If you happen to be in Gdańsk looking for a great historic place to visit or an interesting cultural event you certainly cannot miss St. John’s Centre which is not only a unique Gothic Church, but also a lively cultural centre. 

The 14th century Gothic St. John’s Church is one of the last Gdańsk monuments to be reconstructed after World War II. Until the end of the war the building was used for worship; damaged in fire in 1945 and partly reconstructed in the 1950 and later in the 1980s.

The church, belonging to the State Treasury, remained unused until 1991, when it was handed over to the Gdańsk Archdiocese of the Roman Catholic Church.

In 1995 the Archdiocese of Gdańsk signed an agreement with the Baltic Sea Cultural Centre concerning the loan of St John’s church with the intention of its reconstruction, conservation and conversion for cultural purposes. Conservation works encompassed both the outside facades of the church and the whole church’s  interior; during the conservation of walls a number of interesting, previously concealed paintings were revealed, medieval and modern, dating back to different periods in the church’s history. The elements of the original furnishing of the church were restored. They form a permanent exhibition of the surviving cultural heritage of this place, opened for the visitors daily.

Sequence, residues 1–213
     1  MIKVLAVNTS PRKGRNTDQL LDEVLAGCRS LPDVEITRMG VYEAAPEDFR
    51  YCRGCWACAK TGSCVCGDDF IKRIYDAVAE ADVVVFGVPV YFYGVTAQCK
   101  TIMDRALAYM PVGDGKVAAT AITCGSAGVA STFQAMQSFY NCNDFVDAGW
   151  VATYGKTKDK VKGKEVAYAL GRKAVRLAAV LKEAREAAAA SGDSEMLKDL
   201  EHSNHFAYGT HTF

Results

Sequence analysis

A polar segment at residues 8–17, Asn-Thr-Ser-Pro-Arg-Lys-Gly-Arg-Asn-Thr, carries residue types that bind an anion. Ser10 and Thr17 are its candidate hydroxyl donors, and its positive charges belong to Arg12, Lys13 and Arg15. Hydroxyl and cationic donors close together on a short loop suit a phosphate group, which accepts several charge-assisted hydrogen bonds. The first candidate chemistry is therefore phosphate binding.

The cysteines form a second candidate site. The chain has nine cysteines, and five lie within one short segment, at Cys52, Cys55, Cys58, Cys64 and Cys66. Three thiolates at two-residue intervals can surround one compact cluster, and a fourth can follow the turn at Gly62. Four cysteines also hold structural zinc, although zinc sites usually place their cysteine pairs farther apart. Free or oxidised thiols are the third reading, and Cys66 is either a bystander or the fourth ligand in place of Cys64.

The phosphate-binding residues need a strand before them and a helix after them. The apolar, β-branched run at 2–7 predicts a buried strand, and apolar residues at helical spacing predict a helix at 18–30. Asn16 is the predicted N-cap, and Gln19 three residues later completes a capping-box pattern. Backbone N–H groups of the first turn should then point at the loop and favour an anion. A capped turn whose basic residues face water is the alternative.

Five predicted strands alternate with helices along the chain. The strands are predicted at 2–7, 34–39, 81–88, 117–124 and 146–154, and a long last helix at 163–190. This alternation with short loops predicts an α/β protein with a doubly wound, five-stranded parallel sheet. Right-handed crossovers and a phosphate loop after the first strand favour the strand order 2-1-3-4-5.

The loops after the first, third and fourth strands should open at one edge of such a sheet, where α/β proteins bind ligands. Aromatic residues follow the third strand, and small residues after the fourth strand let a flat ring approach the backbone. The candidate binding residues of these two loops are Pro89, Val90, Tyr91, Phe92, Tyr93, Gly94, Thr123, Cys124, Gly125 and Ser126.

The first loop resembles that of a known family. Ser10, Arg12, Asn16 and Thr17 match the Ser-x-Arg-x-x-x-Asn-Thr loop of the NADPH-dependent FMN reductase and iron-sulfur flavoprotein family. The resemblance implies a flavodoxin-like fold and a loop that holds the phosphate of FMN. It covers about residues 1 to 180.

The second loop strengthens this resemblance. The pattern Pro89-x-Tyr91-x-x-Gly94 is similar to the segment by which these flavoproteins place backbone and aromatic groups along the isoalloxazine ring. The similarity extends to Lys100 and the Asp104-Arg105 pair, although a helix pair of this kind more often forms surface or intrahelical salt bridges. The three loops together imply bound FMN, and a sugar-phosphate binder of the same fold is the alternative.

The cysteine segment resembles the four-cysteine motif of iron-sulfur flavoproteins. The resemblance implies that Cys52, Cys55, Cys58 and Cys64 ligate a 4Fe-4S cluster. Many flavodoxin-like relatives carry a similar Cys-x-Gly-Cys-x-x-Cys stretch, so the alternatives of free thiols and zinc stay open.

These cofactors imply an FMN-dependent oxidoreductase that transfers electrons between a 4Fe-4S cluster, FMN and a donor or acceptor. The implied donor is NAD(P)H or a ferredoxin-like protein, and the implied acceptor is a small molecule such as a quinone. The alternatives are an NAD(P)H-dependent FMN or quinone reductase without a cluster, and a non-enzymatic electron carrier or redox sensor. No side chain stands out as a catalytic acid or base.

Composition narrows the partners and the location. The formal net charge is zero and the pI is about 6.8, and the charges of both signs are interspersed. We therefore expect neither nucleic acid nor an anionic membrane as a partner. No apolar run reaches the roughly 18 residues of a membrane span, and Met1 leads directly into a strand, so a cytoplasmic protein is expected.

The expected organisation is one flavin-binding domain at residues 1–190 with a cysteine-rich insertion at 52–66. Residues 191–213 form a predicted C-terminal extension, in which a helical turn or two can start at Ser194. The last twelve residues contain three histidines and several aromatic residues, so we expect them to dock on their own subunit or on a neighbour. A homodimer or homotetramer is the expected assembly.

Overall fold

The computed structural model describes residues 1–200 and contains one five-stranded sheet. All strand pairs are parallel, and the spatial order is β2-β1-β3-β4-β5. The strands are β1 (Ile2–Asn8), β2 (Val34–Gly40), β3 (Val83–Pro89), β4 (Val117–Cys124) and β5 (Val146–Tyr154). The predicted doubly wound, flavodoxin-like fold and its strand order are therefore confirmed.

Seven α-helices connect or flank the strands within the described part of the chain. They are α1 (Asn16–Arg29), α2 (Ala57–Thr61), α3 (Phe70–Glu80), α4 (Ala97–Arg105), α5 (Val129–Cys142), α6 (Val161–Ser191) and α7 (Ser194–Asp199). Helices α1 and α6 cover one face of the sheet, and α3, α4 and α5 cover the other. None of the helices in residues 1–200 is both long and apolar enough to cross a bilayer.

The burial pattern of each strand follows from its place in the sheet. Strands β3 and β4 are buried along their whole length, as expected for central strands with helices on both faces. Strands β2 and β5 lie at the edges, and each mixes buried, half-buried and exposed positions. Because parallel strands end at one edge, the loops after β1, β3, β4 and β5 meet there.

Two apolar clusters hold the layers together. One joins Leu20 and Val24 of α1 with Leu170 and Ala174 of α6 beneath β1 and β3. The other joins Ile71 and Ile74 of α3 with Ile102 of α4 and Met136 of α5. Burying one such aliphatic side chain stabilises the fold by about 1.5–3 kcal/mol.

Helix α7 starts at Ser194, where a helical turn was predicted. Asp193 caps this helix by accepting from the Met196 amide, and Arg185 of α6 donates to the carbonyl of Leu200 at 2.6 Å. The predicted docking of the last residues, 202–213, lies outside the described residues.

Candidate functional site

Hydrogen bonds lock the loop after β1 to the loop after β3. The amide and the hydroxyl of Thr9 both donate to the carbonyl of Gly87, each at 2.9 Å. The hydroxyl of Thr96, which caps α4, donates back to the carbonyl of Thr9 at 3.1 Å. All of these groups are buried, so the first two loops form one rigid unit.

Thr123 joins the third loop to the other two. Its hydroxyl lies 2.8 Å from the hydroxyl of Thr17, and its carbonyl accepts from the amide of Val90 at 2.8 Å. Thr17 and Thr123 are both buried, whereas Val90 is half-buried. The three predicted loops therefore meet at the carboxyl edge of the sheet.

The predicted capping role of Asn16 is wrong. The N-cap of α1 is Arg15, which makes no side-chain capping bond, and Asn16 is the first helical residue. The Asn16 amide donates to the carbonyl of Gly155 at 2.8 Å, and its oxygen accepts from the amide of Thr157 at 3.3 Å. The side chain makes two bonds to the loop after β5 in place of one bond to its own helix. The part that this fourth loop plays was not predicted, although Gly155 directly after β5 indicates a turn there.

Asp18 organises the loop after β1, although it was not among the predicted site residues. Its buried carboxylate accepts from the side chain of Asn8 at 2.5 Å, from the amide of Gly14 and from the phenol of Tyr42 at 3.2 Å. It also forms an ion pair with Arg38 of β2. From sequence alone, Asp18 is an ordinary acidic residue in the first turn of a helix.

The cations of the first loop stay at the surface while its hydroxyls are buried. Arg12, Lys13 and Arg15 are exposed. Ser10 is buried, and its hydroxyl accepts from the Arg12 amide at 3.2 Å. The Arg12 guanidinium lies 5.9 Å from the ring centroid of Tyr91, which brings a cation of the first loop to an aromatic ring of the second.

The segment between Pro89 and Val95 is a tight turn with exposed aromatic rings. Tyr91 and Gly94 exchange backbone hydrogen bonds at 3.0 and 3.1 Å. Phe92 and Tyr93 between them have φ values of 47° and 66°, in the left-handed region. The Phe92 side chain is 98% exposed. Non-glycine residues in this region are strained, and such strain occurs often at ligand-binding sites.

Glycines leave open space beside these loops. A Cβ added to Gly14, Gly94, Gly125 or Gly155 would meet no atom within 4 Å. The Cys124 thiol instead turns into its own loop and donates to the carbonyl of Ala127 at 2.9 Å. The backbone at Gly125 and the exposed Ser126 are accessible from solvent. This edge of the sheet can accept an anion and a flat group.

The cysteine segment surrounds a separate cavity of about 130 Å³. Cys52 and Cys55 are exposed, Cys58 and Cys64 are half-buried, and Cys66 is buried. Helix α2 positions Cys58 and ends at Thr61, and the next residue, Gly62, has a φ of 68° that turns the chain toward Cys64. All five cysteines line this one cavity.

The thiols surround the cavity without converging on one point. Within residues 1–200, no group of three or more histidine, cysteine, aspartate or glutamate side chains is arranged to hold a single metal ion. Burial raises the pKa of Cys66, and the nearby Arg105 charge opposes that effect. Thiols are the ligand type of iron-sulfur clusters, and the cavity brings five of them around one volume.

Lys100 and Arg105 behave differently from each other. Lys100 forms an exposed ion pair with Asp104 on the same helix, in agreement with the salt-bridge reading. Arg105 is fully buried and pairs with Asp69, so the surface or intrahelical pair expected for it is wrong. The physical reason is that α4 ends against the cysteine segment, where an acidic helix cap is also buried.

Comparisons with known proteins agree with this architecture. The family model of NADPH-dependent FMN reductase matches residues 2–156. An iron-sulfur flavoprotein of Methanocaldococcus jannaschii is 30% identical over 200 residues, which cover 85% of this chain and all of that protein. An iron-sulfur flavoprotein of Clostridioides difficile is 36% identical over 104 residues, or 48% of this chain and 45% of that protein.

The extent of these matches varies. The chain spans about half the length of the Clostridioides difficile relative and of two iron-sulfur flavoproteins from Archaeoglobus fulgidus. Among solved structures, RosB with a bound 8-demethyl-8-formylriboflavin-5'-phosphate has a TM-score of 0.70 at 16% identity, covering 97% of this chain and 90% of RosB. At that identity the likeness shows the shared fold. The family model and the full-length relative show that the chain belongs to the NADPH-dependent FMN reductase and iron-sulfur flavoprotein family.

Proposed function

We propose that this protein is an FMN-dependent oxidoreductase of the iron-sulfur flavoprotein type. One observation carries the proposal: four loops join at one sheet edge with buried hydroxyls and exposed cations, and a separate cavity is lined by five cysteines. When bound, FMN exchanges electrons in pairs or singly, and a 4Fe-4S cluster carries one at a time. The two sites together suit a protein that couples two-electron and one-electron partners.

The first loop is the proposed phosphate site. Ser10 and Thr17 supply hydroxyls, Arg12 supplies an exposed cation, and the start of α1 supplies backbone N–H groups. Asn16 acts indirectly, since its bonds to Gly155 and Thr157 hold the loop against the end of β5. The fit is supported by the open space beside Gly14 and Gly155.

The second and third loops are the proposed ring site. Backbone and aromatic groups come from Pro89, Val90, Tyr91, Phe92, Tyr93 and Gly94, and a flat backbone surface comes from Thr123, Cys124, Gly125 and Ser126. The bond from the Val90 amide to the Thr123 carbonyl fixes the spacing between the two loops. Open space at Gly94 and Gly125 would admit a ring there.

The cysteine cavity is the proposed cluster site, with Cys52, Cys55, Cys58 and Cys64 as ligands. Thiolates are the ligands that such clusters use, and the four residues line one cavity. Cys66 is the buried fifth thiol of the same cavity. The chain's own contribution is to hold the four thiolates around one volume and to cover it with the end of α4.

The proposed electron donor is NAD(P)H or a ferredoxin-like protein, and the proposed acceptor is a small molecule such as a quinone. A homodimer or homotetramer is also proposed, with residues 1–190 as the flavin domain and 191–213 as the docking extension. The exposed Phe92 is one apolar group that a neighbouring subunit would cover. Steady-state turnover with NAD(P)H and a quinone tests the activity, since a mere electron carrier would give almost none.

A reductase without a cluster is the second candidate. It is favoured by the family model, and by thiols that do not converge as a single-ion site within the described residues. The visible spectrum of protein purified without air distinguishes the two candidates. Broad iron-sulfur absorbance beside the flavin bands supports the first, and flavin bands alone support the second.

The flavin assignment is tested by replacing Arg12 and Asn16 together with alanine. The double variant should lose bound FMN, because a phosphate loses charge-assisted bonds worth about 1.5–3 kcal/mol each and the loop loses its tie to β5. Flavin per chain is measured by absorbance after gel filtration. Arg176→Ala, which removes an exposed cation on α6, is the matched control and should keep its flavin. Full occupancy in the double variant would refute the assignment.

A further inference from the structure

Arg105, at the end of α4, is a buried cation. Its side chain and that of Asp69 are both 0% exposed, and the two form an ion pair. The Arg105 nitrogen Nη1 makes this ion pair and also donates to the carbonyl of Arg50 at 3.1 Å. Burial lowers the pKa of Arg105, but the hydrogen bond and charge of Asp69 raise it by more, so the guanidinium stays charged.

The church was also provided with technical equipment necessary for the operation of the Cultural Centre – professional stage lighting, sound and multimedia system and revolving seats for the audience.

Combining tradition with high-tech equipment has contributed to a wider and enhanced range of cultural events and tourist attractions offered by the Centre.

St John’s church had become a state-of-the-art concert and performance venue, as well as a unique exhibition space for sacred and modern art.


St. John's Centre is open for public daily from 10.00 am to 6.00 pm